Here she further invokes the siren imagery, completing the notion with the reference to the trio that lures sailors to their deaths. She calls the trio "fatal and valuable," implying that while they draw men to a rocky demise, the song they sing is something that others want. This is why the secrets of the song are important. A song that can be used to draw others in, to get whatever one wants from one's victims, can be quite a desirable possession if one does not know the fate that accompanies the use of the song.

In the seventh stanza of the poem, the imagery and tone take on different attributes than they did earlier in the poem. Rather than continuing to sound as though she were really remorseful about her nature, the siren begins to sound as if she is drawing in another victim. The stanza reads almost hypnotic like, saying: I will tell the secret to you, to you, only to you.

Come closer (l 19-21).

The hypnotic tone serves very well to lower the defenses of the person to whom she is singing. With the next verse of her song, the siren eliminates any hope her victim might have had for escape. She says: This song is a cry for help: Help me! only you, only you can, you are unique (l 21-24).

The song continues its fluidity, and speaks with words that anyone is glad to hear in a relationship. The siren tells her victim that he is special, that he is not like her previous lovers. She tells him that he is the only on that can set her free, which will draw him closer. The reader can see here that the siren is once again at work, as it is impossible not be drawn in by the beautiful way the words link to one another as she sings. But is the siren as helpless as the reader thinks she is? The siren is not at all a helpless creature as she shows the reader with the last few lines of her song. She is perfectly capable of existing on her own terms, and she even seems slightly bored with this cat and mouse game she plays with the men in her life. It becomes obvious to the reader that the siren is not repentant about her actions or the choices she makes. She says: Alas it is a boring song but it works every time (l 25-27).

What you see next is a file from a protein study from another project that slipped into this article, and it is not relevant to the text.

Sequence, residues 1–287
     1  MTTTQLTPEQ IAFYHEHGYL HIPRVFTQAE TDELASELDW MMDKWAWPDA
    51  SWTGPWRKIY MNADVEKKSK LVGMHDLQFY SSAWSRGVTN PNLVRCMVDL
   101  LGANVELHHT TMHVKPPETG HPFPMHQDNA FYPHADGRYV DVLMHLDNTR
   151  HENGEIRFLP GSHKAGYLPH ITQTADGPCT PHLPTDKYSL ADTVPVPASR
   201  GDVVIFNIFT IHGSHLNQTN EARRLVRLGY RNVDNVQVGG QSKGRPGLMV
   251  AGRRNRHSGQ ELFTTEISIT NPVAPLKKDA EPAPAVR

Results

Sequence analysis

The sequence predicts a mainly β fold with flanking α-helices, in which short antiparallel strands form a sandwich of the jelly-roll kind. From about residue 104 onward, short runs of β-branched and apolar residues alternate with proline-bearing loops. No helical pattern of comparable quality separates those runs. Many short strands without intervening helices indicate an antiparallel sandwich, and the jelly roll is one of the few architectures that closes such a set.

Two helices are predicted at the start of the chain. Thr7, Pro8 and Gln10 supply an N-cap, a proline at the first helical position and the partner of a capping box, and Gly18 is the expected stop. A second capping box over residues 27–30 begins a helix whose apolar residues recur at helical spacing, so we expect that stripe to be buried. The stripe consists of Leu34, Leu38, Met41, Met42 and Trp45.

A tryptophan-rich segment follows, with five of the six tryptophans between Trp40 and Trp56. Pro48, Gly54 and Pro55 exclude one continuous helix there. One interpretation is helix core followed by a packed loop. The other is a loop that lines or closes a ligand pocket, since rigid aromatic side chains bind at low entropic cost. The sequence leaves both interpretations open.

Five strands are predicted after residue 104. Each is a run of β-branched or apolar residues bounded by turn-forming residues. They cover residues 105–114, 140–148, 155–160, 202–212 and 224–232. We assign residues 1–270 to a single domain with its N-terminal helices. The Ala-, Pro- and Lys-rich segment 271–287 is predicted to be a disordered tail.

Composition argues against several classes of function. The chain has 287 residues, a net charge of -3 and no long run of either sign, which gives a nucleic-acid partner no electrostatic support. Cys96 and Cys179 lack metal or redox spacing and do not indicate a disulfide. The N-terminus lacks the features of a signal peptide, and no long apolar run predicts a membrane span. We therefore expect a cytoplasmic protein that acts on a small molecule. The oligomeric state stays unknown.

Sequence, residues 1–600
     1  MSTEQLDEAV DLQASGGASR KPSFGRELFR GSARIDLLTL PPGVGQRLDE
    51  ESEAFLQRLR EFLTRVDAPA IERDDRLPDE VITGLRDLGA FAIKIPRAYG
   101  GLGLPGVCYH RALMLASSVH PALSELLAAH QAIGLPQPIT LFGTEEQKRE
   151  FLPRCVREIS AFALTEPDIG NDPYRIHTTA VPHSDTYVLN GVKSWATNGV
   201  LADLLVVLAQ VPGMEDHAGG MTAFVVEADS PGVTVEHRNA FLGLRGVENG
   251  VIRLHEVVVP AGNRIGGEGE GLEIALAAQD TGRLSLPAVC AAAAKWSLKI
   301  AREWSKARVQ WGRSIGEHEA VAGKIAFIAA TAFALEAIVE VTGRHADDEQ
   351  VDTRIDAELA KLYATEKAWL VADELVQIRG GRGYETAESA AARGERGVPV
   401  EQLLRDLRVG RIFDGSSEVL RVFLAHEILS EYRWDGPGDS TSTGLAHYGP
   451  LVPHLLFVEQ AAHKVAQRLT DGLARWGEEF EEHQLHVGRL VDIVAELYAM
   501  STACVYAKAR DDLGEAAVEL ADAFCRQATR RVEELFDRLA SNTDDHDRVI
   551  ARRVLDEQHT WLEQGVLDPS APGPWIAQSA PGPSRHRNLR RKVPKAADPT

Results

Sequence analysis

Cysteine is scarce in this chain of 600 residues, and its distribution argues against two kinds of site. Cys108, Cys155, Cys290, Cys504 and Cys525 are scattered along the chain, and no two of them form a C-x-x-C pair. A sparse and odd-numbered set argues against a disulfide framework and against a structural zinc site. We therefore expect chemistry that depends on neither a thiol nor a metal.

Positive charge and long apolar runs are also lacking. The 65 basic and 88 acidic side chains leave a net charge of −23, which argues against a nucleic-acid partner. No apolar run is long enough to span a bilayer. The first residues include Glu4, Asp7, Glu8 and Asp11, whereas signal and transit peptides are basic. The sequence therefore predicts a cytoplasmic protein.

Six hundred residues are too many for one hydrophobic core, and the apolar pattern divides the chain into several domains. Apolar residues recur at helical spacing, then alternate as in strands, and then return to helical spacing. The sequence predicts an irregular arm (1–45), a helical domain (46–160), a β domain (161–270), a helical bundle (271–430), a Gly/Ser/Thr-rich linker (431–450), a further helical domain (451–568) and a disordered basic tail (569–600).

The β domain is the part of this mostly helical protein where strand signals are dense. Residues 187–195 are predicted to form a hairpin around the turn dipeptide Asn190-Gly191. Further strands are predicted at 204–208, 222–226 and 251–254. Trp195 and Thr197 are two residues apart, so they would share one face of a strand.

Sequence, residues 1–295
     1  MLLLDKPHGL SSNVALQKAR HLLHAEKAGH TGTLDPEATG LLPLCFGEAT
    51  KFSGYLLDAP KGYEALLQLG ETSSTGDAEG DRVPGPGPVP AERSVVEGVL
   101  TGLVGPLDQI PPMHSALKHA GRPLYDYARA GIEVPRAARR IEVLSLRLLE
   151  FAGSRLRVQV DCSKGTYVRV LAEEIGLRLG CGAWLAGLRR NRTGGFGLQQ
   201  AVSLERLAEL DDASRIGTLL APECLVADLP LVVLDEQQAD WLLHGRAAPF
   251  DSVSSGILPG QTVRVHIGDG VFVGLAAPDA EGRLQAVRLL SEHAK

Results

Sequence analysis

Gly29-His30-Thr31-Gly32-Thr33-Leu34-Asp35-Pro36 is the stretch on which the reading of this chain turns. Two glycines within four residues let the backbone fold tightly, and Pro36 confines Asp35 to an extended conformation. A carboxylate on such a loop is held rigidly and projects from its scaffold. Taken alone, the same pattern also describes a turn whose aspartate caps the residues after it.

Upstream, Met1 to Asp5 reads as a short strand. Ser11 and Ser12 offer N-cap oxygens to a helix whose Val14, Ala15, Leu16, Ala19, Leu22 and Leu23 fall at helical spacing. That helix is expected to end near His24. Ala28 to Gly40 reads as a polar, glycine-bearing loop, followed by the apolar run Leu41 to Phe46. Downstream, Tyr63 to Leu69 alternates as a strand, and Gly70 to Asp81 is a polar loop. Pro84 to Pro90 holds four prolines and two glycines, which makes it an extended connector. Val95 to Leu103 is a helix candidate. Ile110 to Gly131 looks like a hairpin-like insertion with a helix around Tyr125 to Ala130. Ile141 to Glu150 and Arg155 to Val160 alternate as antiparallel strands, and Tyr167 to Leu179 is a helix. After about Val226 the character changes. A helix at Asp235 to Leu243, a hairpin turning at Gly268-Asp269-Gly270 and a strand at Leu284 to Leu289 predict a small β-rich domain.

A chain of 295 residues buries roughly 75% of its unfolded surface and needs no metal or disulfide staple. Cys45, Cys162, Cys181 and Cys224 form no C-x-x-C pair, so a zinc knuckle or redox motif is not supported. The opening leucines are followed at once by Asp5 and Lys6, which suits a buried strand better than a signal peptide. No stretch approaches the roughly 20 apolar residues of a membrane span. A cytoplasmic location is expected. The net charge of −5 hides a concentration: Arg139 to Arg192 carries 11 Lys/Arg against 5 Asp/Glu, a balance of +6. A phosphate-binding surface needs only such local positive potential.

It sounds almost as though she would rather be somewhere or someone else, rather than sitting on her separate island with nothing but memories of victims. Perhaps it is because she has been singing the same song for a long time.

Margaret Atwood's poem "Siren Song," provides the reader with insight into the role of a contemporary siren. The tone she uses at first implies remorse, tricking even the reader into believing her story, but quickly changes to show her artificial nature. The "bird suit" the siren wears covers up her true nature. Just as the mythological sirens were doomed to live their lives on a rocky island, so too are the modern day sirens doomed to wear a "bird suit." The modern day siren can thank society for the "bird suit" she has to wear. Many modern sirens/vixens behave the way they do because society tells women to be sexy and provocative. Most of these women do not want relationships that kill, but those that have been using men for a long time tend to lose their heart and forget how to be faithful and loving.